A Hamlet timeline – chronicle of events

      Setting the Timeline – considerations

Claudius – planning my foul murder

King Hamlet's funeral – where was Hamlet?

Gertrude & Claudius – adultery or not?

Horatio – Hamlet's friend?

Horatio – is he passion's slave?

Polonius – the evil that men do

Ophelia's love? – did she love Hamlet?

Ophelia closetted – Polonius on love

      O help xxx ....... – Olivier's version

Ophelia's change – is Hamlet suspicious?

Hamlet feigns madness – protective "cover"

Is Hamlet mad? – Polonius's opinion

The Trial of Claudius – Hamlet's prosecution

Hamlet kills Polonius – stabs the "Voice"

Laertes v Hamlet – poisoned foil

Ophelia's death – a recipe

Hamlet's age – digging up the past

Yorick – something rotting in Denmark

Betting on Hamlet – the fencing match

Hamlet's fencing skill – better than Laertes

Hamlet's revenge – the rest is silence

Polonius on Hamlet

Does Polonius always think Hamlet is mad?

Act I begins at midnight and continues until a few hours after the next midnight. It is in the last hour that Hamlet proposes pretending to be mad.

Act II begins about two months later. Ophelia tells Polonius that Hamlet has visited her. He was crazily-dressed and acted so strange that she was very frightened.

Ophelia: "As you did command, I did repel his letters and denied his access to me."
Polonius: "That hath made him mad....Go we to the King. This must be known."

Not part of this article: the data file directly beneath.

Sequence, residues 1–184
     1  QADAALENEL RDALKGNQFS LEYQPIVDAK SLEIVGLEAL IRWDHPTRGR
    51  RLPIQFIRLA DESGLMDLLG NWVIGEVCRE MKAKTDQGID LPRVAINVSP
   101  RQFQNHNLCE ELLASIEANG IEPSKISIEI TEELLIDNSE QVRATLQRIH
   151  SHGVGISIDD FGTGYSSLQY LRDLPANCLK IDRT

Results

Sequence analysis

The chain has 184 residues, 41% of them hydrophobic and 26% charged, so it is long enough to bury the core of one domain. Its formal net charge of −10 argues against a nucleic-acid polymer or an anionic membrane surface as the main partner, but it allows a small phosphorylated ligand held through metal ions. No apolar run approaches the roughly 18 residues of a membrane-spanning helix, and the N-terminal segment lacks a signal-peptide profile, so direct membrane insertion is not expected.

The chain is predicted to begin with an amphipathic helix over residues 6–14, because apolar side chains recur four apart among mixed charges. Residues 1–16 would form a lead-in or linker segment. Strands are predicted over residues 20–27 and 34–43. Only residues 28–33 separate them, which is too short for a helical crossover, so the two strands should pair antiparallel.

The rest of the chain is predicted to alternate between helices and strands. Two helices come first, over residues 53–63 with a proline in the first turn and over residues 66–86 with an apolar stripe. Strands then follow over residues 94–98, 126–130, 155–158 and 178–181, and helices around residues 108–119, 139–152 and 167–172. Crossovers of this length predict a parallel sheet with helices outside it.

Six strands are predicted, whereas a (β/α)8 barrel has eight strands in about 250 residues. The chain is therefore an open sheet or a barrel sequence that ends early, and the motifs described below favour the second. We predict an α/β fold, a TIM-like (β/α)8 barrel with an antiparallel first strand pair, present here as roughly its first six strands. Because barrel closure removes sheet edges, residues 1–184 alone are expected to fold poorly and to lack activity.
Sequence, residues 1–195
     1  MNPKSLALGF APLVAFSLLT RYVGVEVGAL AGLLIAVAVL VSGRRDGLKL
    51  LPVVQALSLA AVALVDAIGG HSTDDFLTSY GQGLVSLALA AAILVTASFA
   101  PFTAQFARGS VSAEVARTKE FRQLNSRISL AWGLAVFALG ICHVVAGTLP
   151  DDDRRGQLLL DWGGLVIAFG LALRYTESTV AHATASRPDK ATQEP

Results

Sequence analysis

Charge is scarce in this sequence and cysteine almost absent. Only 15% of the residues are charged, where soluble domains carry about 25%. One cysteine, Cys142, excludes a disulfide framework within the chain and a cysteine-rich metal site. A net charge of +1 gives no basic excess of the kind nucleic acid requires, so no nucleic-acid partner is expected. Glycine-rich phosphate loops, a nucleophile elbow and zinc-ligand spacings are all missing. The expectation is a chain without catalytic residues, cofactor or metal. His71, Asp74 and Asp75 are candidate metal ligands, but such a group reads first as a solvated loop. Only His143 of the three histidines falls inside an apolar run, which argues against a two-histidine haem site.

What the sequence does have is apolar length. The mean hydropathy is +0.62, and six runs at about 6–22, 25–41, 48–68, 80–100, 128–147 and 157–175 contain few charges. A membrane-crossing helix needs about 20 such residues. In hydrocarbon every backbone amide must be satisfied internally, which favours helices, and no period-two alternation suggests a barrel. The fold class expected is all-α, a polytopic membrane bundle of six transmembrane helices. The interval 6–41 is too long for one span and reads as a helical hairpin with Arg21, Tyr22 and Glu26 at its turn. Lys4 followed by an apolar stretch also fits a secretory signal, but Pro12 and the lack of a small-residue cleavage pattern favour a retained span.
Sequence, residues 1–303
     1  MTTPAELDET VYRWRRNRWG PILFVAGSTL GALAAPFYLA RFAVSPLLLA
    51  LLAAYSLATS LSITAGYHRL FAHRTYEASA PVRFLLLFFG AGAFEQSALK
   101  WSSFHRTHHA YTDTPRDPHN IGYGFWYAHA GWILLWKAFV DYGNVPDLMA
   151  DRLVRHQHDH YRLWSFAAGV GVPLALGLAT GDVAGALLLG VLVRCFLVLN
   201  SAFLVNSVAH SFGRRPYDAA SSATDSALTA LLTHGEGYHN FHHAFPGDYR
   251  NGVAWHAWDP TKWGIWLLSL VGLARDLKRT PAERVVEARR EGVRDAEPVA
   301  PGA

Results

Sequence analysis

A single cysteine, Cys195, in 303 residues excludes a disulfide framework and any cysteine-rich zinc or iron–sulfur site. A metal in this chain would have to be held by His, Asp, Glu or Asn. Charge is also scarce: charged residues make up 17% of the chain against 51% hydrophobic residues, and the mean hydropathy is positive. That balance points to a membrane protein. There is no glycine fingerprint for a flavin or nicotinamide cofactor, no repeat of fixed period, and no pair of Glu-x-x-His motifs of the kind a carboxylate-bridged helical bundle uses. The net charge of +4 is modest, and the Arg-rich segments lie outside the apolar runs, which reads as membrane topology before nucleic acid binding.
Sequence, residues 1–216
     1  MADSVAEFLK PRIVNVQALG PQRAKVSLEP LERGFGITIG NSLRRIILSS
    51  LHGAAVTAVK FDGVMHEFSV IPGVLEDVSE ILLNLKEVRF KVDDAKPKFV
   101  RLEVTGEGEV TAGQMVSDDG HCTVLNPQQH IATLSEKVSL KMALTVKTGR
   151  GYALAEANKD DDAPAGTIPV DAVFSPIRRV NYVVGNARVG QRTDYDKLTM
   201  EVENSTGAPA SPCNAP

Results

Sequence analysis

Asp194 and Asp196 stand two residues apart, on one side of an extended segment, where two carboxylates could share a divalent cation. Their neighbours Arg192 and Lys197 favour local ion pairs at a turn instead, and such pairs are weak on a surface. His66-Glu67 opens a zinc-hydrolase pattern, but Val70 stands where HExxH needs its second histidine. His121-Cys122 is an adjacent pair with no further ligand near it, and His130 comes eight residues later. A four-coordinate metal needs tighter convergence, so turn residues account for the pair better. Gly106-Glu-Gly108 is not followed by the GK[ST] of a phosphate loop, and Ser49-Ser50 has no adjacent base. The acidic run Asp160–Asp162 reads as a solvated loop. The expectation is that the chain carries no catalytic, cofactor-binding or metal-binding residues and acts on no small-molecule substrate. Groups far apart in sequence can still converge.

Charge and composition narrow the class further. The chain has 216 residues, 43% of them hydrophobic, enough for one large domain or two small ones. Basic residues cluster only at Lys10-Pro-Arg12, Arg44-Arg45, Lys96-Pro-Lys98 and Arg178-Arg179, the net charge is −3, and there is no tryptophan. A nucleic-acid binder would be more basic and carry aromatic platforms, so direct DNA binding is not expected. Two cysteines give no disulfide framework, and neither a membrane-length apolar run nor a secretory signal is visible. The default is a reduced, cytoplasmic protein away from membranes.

Meanwhile, the King and Queen ask Rozencrantz and Guildenstern to try to find why Hamlet is mad. Polonius tells the King and Queen "...I have found the very cause of Hamlet's madness." He then explains what he has found:-
Polonius: I precepts gave her,
That she should lock herself from his resort,
Admit no messengers, receive no tokens.
Which done, she took the fruits of my advice;
And he, repulsed - a short tale to make -
Fell into a sadness, then into a fast,
Thence to a watch, thence into a weakness,
Thence to a lightness, and, by this declension,
Into the madness wherein now he raves.
A few minutes later Polonius talks to Hamlet and it is evident he still thinks Hamlet is mad. Polonius says "he knew me not at first. 'A said I was a fishmonger. 'A is far gone, far gone." and then "Though this be madness, yet there is method in it."

The next morning, in the nunnery scene, Polonius tries to prove Hamlet's madness is caused by love for Ophelia. The King disagrees that this is the cause but Polonius is not put off and tries again by hiding in the Queen's closet. The Queen allows this event simply because she thinks Hamlet is mad. Suddenly, the Queen thinks the madman is going to kill her and she panics "What wilt thou do? Thou wilt not murder me? Help, help, ho!"

That is an understandable reaction from the Queen, but what would Polonius have thought when he heard her yell out? Consider the alternatives:-

  1. Assume Polonius believes Hamlet is not mad. He knows that a sane Hamlet would not harm his mother. In that case, Polonius would do nothing but just stay quietly behind the arras and keep listening to the conversation. There would certainly be no need to call for help.
  2. Assume Polonius believes Hamlet really is mad. When he hears the Queen call out, he will think that she is about to be killed by an insane Hamlet. In a desperate bid to save her life he would call for help.
What does Polonius do? He calls out "What, ho! help, help, help!"

In summary, Polonius always thinks Hamlet is crazy!